Drastic changes to follow in the Chinese property market

Many Chinese share prices have dropped by half their value since the 2007 peak. At the same time, many companies are closing branches around the country as others try to get out of the property market as quickly as possible. All indications lead towards a nationwide shake-up in the Chinese property market soon.

China is currently undergoing a market crunch similar to that which occurred in the United States over the past year. There are obvious characteristics that point to a mirror image of the US's troubling housing market with house prices in a major slump, and several developers seemingly on the verge of bankruptcy.

This is further distressing to property investors in China after experiencing the rapid economic boom so far. However, it appears as though both foreign and native property investors and developers in China are being brought down on two overpowering forces. With the Chinese government attempting to slow their country's economic growth, and the current worldwide credit difficulties, developers are having a hard time keeping up, especially in the face of rather effective measures put in place to specifically limit credit growth. In addition, a proposed tougher policy aiming to reduce the amount of unused land within developers' holdings is adding to the severity.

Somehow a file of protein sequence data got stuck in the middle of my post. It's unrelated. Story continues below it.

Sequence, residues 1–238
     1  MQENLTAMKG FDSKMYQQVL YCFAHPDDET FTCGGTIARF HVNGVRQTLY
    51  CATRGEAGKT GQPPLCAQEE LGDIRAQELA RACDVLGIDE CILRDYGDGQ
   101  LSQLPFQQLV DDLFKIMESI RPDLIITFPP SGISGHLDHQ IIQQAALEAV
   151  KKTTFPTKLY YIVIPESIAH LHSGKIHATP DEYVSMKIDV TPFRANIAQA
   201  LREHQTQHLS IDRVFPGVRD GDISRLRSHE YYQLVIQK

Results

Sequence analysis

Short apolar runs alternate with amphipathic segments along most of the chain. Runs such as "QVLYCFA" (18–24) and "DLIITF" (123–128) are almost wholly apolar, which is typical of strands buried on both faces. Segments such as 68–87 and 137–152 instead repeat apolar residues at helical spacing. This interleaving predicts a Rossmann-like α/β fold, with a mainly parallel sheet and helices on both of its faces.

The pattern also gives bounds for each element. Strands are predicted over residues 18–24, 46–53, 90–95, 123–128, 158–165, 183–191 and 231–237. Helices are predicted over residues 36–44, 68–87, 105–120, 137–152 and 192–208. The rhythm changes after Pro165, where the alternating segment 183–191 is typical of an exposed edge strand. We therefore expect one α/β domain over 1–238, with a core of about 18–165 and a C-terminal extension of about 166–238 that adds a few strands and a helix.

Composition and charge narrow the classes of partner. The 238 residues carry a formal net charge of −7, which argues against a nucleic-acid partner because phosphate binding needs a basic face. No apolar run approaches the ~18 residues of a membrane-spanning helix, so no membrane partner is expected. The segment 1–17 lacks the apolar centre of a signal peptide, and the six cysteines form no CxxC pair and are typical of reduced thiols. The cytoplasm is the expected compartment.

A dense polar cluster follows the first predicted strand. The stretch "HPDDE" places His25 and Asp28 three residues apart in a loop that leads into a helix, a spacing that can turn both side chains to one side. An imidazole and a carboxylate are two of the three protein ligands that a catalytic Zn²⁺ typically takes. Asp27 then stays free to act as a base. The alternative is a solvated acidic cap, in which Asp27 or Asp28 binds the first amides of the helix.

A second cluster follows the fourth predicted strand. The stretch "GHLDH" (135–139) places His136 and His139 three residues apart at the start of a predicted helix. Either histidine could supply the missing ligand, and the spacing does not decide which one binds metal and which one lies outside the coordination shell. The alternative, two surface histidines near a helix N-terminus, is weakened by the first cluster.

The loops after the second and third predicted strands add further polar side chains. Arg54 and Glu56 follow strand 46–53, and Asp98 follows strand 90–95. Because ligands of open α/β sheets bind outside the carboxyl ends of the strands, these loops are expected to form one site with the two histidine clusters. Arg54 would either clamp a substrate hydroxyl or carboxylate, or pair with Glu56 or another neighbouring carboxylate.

One of the more ominous signs have coming been from behaviour in the debt market. BNP Paribas reported recently that both Greentown China and China Agile Property have witnessed more than double the rate of increase among the spreads on credit default swaps. These instruments enable investors to purchase insurance against defaults. With the rate at more than 1,000 basis points this month alone, there appears to be a high level of uncertainty among investors.

Much like mortgage banks and real estate agencies in the U.S., some of the largest real estate agencies are closing a substantial number of nationwide branches. Chuanghui, a Shenzen-based real estate agency and one of the country's largest, has shut down approximately 1,800 locations – more than half of its branches. Zhang Min, one of the company's planning managers located in their headquarters says, "We are doing our best to get cash." He further stated, "We have closed many outlets and got the rental deposits back."

However, many are speculating that differences in buying habits and localized real estate markets will enable China's market to escape repeating the fate of the US. Some believe that real estate markets in China truly are localized and differentiate enough from one another as to not be affected on a nationwide scale.